116 Table 5. For example.10477 0. Table 5.062044 53. Indeed. position (5. In the process of inverting the Jacobian product.77817 -0.5) of the covariance matrix.74477 -595.408568 0.4 shows the covariance matrix for this trial. the greater the uncertainty in h will be.62077 -0. These heavy interdependencies translate into a high h uncertainty.10477 -86.321282 1.321282 -2. large off-diagonal values of the matrix before inversion increase the diagonal values of the inverted matrix. One troubling aspect is the very high standard deviations of the data.062044 0.86219 -0.3 Trial Covariance Matrix: large inter-parameter dependence creates high uncertainty in parameter estimation. It can be seen that this is the largest covariance present.2418 53. and the values of variance are the diagonal values of .86219 13. indicating any variation in m1 has a great effect on h. The non-diagonal values indicate the degree of effect one parameter has on another. m1 m2 m3 m4 h m1 m2 m3 m4 h 32.82931 -595.77817 -0.089 -86. indicating the more slopes used to represent the fluid temperature.071505 -0. every covariance value of h and a slope has a large value.089 4.62077 0. as seen in position (5. Table 5.017994 13.3) Covariance is a function of the Jacobian scaled by the standard deviation of the data.4 summarizes the results of this trial. Each non-diagonal value is the cross-covariance of a parameter pair.82931 11059.74477 -0.1) indicates the covariance of h and m1. The interdependencies have a cumulative effect.2418 -2.04 . Recall the definition of covariance: (5.32286 4.

3 Noise.11 versus 99. Limited Data Set Next.1990 Data Correlation -0.22 (°C/s ) 1.38 1.0022 °C worse than the previous algorithm. It can be seen in Figure 5.44 5. the average error is only 0.11 132.51 0.0 1.00 56.13 0.12 (°C/s ) 0.9 that the algorithm again estimates a lower fluid temperature and higher h than actual parameter values.37 (W/m2-K) 95% Confidence Interval (°C/s ) (°C/s ) (°C/s ) (°C/s ) h(W/m2-K) 4.15 0.47 19.117 Table 5.2.60 0.36 0. When compared with the previous trial containing the first two seconds of data.03 (°C/s ) 94.5 9.047 Result Value Standard Deviation 7. which is closer to the true value of 85.05 0. since the hue temperature trial data was also missing the first two seconds.88 0. . this trial does worse. it was investigated how removing the first two seconds of data would affect the results.2.7 . However.0031 Chi-Squared 1.19 (°C/s ) 0.4 Results of the Noisy Generated Data Parameter Estimation (°C/s ) (°C/s ) (°C/s ) (°C/s ) (W/m2-K) Solution and Evaluation Iterations 2633 Final RMS Error (°C ) 0.60 1. estimating h to be 101.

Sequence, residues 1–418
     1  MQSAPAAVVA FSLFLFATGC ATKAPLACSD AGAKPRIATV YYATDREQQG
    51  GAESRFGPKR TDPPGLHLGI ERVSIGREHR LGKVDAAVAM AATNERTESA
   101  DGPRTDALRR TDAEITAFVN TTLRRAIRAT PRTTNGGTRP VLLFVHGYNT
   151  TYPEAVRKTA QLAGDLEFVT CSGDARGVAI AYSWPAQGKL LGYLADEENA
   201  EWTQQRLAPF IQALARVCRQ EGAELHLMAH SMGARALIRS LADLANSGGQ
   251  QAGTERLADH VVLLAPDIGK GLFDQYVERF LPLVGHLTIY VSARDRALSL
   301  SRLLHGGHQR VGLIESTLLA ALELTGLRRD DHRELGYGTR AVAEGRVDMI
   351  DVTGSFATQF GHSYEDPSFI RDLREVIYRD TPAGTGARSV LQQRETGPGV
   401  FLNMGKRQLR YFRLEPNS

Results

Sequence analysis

2 -0.05 0 -0. (C) 7.5 1. Figure 5.88 1.15 0.38 0.7 35 30 Inverse Results: Ts Experimental Data: Ts Inverse Result: Tinf Experimental Data: Tinf 0 5 10 15 20 Time (s) 25 30 25 20 Figure 5. with correlation actually being better.9 Generated Data Result: The algorithm estimates fluid temperature slightly high and h low.06 96. Convergence 0.04 85 6.10 Convergence: The algorithm converged after 4980 iterations to similar values as other generated data trials.118 Temperature Curve Fit 50 45 “True” Parameter = ( °C/s ) = ( °C/s ) = ( °C/s ) = ( °C/s ) h= (W/m-K) 35 Inverse Result 40 Temp.05 -0.3 0.25 0 1000 2000 RMS Error (C) Correlation of Residuals and Time RMS Gradient 3000 Iteration 4000 5000 6000 Figure 5.2 0.10 shows that convergence is similar to the preceding trial.1 -0.47 0.15 -0.25 0.7 0. .1 0. indicating an appropriate fit.11 shows chi-squared converged to just above 1. Figure 5.